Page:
Combating Poverty and Social Exclusion in European Union Law
This book examines the potential role of European Union law in combating poverty and social exclusion in the European Union.
Anti-poverty strategies have been part of the European Union agenda for decades. Most saliently, over a decade ago, the EU’s Member States pledged to lift 20 million people out of poverty. In spite of this commitment, the EU did not even meet a quarter of this target, and over 113 million people still were at risk of poverty and social exclusion by the end of 2020. This book addresses the incongruence between a quite developed EU policy strategy and a well-embedded legal objective on the one hand, and the lack of direct legal action on the other. Analysing the role of social policy instruments, fundamental rights, and the constitutional framework of the European Union, it makes a detailed case for a contribution of EU law to the policy objective of combating poverty and social exclusion.
Drawing on work in law, politics, social policy and economics, this book will interest scholars and policymakers in the areas of EU law, labour and social security, human rights, political science and social and public policy.
Chapter 1: Introduction
1. Setting and background
2. Aim and outline of the book
3. Poverty and social exclusion in the EU
3.1. Conceptual clarifications
3.2. State of play: the data
Chapter 2: The EU Social Policy Context
2. The Social OMC
2.1. The origins and key features of the Social OMC
2.2. The Social OMC within Europe 2020
3. Europe 2020 and the European Semester
3.1. General architecture of Europe 2020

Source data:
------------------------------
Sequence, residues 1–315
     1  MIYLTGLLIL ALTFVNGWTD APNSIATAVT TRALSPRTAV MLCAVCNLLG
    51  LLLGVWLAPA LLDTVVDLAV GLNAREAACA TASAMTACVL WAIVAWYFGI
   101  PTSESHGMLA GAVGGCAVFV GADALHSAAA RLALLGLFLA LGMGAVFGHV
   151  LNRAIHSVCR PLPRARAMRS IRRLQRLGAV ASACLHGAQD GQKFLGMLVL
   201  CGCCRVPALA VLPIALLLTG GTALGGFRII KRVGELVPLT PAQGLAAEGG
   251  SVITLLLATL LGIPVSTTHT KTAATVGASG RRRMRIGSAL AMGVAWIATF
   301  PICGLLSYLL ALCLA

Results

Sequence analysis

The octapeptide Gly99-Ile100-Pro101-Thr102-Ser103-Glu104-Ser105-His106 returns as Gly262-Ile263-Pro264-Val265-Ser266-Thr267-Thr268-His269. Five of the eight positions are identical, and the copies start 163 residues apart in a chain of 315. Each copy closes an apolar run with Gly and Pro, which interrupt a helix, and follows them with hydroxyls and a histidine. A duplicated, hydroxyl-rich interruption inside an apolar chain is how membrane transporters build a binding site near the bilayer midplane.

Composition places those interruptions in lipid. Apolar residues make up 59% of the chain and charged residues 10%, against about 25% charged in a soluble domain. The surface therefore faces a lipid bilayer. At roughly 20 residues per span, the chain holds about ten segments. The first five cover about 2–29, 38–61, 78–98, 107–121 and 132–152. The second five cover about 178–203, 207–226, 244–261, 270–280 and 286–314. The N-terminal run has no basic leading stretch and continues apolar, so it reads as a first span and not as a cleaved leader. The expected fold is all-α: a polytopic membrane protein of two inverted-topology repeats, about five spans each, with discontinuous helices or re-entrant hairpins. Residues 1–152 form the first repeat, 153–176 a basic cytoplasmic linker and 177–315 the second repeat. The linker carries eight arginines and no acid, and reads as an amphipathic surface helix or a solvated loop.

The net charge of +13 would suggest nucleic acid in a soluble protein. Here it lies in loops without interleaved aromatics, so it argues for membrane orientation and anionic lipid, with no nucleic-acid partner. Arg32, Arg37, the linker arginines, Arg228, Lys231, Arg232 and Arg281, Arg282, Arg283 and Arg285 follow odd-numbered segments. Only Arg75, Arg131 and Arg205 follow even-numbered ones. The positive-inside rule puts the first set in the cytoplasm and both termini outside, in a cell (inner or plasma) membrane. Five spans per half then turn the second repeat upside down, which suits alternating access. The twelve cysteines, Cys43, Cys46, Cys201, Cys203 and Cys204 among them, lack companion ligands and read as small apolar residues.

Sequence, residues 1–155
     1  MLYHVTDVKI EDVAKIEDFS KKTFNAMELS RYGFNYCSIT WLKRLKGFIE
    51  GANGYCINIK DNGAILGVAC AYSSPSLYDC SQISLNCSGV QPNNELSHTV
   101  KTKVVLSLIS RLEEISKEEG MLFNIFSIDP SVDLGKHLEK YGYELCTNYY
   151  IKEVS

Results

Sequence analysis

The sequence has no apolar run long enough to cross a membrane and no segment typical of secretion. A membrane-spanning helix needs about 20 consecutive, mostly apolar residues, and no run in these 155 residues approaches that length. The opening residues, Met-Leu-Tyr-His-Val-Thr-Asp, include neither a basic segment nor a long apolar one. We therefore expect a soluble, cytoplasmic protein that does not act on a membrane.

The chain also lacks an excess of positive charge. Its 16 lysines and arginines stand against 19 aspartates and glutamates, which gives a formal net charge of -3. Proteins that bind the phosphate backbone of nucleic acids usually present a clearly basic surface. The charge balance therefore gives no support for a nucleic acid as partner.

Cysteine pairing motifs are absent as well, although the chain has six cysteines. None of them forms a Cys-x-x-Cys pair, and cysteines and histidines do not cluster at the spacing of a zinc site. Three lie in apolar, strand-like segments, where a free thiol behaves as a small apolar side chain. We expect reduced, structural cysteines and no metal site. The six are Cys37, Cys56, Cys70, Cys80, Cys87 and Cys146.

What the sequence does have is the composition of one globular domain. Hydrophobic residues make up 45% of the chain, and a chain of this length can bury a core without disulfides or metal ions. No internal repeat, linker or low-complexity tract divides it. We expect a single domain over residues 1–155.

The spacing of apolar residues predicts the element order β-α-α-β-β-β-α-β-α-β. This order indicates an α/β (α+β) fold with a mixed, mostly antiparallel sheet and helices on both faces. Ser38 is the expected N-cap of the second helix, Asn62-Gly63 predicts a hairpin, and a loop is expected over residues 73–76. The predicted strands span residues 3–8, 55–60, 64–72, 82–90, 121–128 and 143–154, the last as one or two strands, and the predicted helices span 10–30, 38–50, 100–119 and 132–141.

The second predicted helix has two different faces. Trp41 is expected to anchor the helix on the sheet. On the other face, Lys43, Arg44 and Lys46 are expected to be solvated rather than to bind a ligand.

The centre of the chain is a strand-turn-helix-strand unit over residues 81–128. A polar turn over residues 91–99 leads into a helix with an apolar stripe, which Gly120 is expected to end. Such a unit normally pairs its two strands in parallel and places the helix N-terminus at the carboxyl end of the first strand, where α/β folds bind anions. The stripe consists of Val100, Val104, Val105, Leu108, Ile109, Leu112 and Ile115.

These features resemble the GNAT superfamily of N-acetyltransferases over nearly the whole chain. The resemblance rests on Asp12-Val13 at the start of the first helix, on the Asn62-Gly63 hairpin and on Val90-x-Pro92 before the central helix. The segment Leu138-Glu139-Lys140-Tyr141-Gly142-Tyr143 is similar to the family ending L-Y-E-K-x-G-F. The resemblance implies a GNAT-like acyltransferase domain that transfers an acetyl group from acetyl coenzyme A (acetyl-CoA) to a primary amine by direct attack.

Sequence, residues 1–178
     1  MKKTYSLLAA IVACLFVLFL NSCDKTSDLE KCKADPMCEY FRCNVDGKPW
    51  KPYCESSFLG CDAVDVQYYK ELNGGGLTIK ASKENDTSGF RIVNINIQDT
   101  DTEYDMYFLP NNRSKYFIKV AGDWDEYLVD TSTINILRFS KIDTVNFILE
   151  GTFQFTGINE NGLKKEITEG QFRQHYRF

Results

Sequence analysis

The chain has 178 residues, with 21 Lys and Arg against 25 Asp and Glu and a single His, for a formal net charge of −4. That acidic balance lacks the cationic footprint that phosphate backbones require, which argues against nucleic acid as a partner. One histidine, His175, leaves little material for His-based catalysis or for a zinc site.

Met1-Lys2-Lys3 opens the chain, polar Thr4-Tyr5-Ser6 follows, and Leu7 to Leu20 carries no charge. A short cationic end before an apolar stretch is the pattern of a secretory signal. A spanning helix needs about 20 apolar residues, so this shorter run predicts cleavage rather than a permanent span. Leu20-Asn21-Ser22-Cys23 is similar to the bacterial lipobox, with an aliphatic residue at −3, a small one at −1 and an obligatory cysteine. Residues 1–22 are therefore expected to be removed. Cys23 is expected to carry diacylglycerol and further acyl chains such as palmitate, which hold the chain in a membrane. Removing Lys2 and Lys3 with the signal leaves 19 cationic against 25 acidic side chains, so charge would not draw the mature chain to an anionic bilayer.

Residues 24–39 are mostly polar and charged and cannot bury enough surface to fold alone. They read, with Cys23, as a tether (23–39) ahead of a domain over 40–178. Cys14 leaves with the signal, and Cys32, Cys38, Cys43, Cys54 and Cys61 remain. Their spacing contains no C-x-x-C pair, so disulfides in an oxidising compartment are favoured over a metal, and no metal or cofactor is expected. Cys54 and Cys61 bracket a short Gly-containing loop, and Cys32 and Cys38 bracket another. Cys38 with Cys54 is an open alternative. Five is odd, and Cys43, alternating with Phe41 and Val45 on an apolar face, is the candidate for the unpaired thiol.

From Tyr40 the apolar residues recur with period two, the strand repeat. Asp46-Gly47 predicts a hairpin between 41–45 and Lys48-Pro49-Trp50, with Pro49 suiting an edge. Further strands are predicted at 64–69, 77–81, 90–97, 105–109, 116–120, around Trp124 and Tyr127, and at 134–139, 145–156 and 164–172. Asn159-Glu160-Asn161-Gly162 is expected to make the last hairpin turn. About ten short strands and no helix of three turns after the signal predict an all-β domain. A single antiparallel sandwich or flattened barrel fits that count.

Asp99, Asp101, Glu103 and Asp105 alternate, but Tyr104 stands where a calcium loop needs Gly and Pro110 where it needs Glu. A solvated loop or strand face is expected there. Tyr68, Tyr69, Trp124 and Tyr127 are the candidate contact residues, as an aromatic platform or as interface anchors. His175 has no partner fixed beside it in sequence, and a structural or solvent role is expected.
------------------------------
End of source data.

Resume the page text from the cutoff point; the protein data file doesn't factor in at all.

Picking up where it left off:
3.2. The European Semester
4. The Action Plan to implement the EPSR
4.2. Preliminary assessment
5. Financial resources
Chapter 3: The EU Fundamental Social Rights Landscape
2. The intricate fundamental rights landscape in EU law
2.1. General principles and the CFREU
2.2. Balancing fundamental rights against fundamental freedoms
2.3. Interactions with international sources of social rights
2.4. Intermediate conclusions
3. The European Pillar of Social Rights: a game changer?
3.1. Background and content
3.2. Implementation and added value
4. Substantive rights
4.1. Human dignity
4.2. The right to social security
4.3. The right to social assistance
4.4. The right to fair remuneration
4.5. Intermediate conclusions
Chapter 4: The EU Constitutional Framework
2. The objective of combating poverty and social exclusion in EU primary law
2.1. Values of the EU: Article 2 TEU
2.2. General objectives of the EU: Article 3 TEU
2.3. The ‘untapped’ horizontal social clause: Article 9 TFEU
2.4. The social policy objective: Article 151 TFEU
3. Conferral, subsidiarity and proportionality
4. Social competences
4.1. Social policy competences: Article 153 TFEU
4.2. Alternative bases and the interesting case of social cohesion: Article 175 TFEU
4.3. General legal basis
5. General remarks on EU competences
6. Conclusion: Limited, yet existing
Chapter 5: Implementing the Objective of Combating Poverty and Social Exclusion Under EU Law
2.1. Why act at the EU level?
2.2. Why these instruments?
2.3. Why instrumentalise the EPSR?
3. General remarks
4. A Framework Directive on Minimum Income (Principle 14)
4.1. Context of the proposal